The Progress Toward a Bionic Pancreas for Type 1 Diabetes

The Progress Toward a Bionic Pancreas for Type 1 Diabetes

By MaYa | Articles

Apr 13

In type 1 diabetes, the pancreas is not able to produce insulin, which is crucial for managing the blood glucose levels. That is why people who have this metabolic condition, have to always monitor their blood glucose levels.

Whenever they need to stabilize their blood sugar, they inject insulin. But, too much insulin can drop the blood glucose to a dangerously low level and cause hypoglycemia. Young children who don’t pay attention to their blood sugar levels may be in great danger.

According to statistics, people with type 1 diabetes have an increased risk of dying 13 years earlier than people without the disease.

That is why scientists have been trying to develop the bionic pancreas for type 1 diabetes.

Bionic Pancreas for Type 1 Diabetes

Kaitlyn Labbe is someone who has been diagnosed with type 1 diabetes since she was 6 years old. She says that not a day goes by without being reminded that she has the disease.

She even falls asleep at night thinking that her blood sugar will fluctuate while she is sleeping. So, she rarely gets any sleep out of fear. But, ever since the early weeks of 2017, Labbe has let a machine do most of the thinking for her.

Labbe participated in a study at the Massachusetts General Hospital and agreed to wear an artificial pancreas. This artificial pancreas administered the exact right amount of insulin her body needed to stabilize her blood sugar levels.

She says the effects were amazing. She even managed to sleep peacefully for decades. Labbe says this discovery is truly a gift.

The Development of Bionic Pancreas

For the last 60 years, doctors have been saying that the artificial pancreas is just around the corner. But, the way to creating it has proved more challenging than anything else.

The latest model that Labbe tested was created by a team of professional researchers led by a biomedical engineer Edward Damiano, a professor at the Boston University. After countless trials, researchers were finally able to automate blood sugar control fully.

Three different groups. also funded by the National Institute of Diabetes and Digestive & Kidney Diseases issued clinical trials of the latest automatic systems that are supposed to manage the blood sugar.

To conduct this research, more than a $100 million were spent since 2004 by the Juvenile Diabetes Research Foundation. They issued more than a dozen projects focused on developing and creating the artificial pancreas.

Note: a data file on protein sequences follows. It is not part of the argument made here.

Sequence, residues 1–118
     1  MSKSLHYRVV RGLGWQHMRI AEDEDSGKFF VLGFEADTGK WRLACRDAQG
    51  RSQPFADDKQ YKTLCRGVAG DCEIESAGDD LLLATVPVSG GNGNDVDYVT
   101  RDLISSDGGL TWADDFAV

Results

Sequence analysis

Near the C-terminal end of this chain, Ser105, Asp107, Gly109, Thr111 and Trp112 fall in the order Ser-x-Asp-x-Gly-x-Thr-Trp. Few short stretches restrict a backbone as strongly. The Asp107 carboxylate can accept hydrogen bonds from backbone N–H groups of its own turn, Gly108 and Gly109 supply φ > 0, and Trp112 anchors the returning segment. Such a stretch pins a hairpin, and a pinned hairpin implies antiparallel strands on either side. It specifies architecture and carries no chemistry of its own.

The Latest 670G System

In 2016, the Food and Drug Administration approved Medtronic’s MiniMed 670G system. This system is completely automated and releases the patient’s burden from managing diabetes.

The goal of this new system was to obtain a reliable control of the blood glucose levels, without having the patient monitor them at all times.

The Discovery of Insulin

When insulin was discovered, many believed that it could cure diabetes. But, that proved to be false. Even though insulin lets people with diabetes live longer, it doesn’t eradicate the disease.

Also, it can cause some side-effects like kidney disease, vision loss, and other more serious health complications. Before insulin was discovered, children with type 1 diabetes, couldn’t live past 20 years old.

What’s the Real Problem?

Even if we know that insulin can’t cure diabetes, it can simply stabilize it, the main problem still remains. It is very difficult to know how much insulin should patients use to keep their blood sugar in check. Testing the urine might prove useful, but it may also be inaccurate.

The main problem is, as we mentioned before that people don’t know how much insulin they need. As a result, they end up using less out of fear of dropping their blood sugar levels.

In the end, this problem can cause hunger, rapid heart rate, perspiration, and other symptoms. In other words, this can cause hypoglycemia. This problem is usually responsible for many visits to the emergency department, especially in the U.S.

The First Wearable CGMs

As the years went, the development of the artificial pancreas slowly fell into place. As the insulin pumps improved, so did the options for accurate blood sugar measuring. In the early 2000s, the first CGMs that were wearable hit the market.

Even though the early versions were unreliable, in time, researchers managed to improve their precision. A CGM has a small sensor inserted under the skin. It is worn outside the body and can detect the fluctuations of the blood sugar levels.

The readings are displayed and updated every couple of minutes. Once the blood sugar drops or increases too much, an alarm signals that something Is wrong in the body.

This device could prove useful for effectively monitoring the blood glucose levels and deliver the necessary insulin.

Is It Safe?

The FDA is nervous about letting a machine administer a life-saving and potentially dangerous drug. They are afraid that a glitch may interfere with the machine’s power to control diabetes.

According to statistics, more than 30,000 people in the U.S. are expected to use the 670G system by the end of 2017 and the beginning of 2018.

Medtronic claims that it could potentially eliminate 75% of diabetes load, says Jason Gensler.  Mister Gensler at first felt very uncomfortable with trusting a device to inject insulin. Eventually, with the help of the 670 G system, Gensler learned how to manage his blood sugar levels.

He claims the device is mind-blowing.